It is not necessary to decide whether Section 4(1)(ii) or Section 4(1)(ii) applies to the present fixation of rates because even a wrong mention of the provision of law in the notification would not invalidate it. Whether the rate is fixed under Section 4(1)(ii) or 4(1)(iii) the fixation of an all-inclusive rate of minimum wages is valid. This contention therefore is rejected.
12. Shri Harbans Singh Doabia then urged that the fixation of minimum rates without considering the paying capacity of small presses is invalid. It is, however, conceded that the rate fixed is not beyond the capacity of large presses. This contention, however, was not raised in the writ petition in this form.
The petitioners counsel also argued that presses should have been divided into different categories and their minimum rates should have beenfixed separately for each category and that the fixation of uniform rates for all types of presses is unjust and contrary to the intention of the legislature. If these contentions were upheld, then the result would be that the minimum rates of wages would be fixed according to the capacity of the weakest or marginal firms in the employment concerned and the break-up of wages in a trade or employment would vary according to the paying capacity of various categories of firms engaged in that business.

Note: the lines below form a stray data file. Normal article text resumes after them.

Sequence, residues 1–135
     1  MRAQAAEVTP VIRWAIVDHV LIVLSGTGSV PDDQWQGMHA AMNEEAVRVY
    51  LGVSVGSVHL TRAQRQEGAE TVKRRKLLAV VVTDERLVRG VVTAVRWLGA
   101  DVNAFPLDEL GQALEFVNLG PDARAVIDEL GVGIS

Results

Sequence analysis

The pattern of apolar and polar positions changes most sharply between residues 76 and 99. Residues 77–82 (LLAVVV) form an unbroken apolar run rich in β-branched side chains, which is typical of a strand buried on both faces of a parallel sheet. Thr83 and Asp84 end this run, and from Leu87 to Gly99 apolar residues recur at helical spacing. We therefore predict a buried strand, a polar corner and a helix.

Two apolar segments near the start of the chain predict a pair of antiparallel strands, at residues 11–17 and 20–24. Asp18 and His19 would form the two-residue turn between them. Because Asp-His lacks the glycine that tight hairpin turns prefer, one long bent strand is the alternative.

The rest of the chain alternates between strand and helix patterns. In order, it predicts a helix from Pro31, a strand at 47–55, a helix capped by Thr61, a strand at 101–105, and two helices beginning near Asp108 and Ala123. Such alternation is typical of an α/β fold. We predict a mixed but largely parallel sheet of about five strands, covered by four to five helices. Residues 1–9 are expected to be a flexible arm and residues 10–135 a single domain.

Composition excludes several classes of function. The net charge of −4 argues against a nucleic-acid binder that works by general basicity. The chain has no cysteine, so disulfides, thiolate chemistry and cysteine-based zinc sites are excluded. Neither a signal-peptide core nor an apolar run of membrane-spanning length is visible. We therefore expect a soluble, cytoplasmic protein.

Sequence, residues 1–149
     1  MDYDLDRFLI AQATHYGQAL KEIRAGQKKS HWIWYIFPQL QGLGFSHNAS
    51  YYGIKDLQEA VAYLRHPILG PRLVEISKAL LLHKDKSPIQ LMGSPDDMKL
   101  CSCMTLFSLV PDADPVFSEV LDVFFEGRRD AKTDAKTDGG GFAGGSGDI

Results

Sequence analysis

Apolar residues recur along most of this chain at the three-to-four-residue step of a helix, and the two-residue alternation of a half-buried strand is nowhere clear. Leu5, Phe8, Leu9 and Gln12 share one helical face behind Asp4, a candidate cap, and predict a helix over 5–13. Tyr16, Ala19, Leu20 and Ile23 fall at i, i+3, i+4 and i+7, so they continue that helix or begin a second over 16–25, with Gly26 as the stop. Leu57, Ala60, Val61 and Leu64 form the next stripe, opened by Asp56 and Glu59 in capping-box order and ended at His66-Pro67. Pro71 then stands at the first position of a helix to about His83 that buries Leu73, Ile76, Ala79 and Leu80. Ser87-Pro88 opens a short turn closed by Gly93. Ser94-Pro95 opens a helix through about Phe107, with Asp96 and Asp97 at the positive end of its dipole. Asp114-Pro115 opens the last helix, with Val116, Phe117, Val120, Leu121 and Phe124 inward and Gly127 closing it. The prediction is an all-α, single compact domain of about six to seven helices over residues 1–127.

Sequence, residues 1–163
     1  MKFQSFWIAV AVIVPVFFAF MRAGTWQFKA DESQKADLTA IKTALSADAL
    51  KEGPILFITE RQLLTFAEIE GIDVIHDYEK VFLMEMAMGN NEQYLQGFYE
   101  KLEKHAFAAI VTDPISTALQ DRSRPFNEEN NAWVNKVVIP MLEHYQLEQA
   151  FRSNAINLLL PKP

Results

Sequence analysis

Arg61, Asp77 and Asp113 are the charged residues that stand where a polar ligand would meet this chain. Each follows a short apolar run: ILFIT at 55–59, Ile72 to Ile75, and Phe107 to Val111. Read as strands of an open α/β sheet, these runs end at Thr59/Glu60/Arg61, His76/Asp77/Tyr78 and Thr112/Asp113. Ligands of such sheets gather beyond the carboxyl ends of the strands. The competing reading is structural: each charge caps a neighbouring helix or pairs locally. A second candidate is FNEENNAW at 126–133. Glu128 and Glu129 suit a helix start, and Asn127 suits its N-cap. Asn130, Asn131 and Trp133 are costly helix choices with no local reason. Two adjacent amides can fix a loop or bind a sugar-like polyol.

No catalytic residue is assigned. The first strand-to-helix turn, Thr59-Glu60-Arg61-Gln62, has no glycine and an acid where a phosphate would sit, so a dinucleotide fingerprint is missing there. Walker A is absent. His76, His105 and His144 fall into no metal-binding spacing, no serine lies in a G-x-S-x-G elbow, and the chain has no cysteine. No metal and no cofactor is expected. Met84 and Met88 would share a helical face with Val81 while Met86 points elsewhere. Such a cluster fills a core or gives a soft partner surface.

These arguments are really based on the doctrine of laissez faire and on the notion that there should be absolute freedom of contract between the employers and the employees. These principles are now outmoded and have no application to a welfare state like ours as is clear from the provisions of the Act now under consideration as well as from the entire body of labour legislation.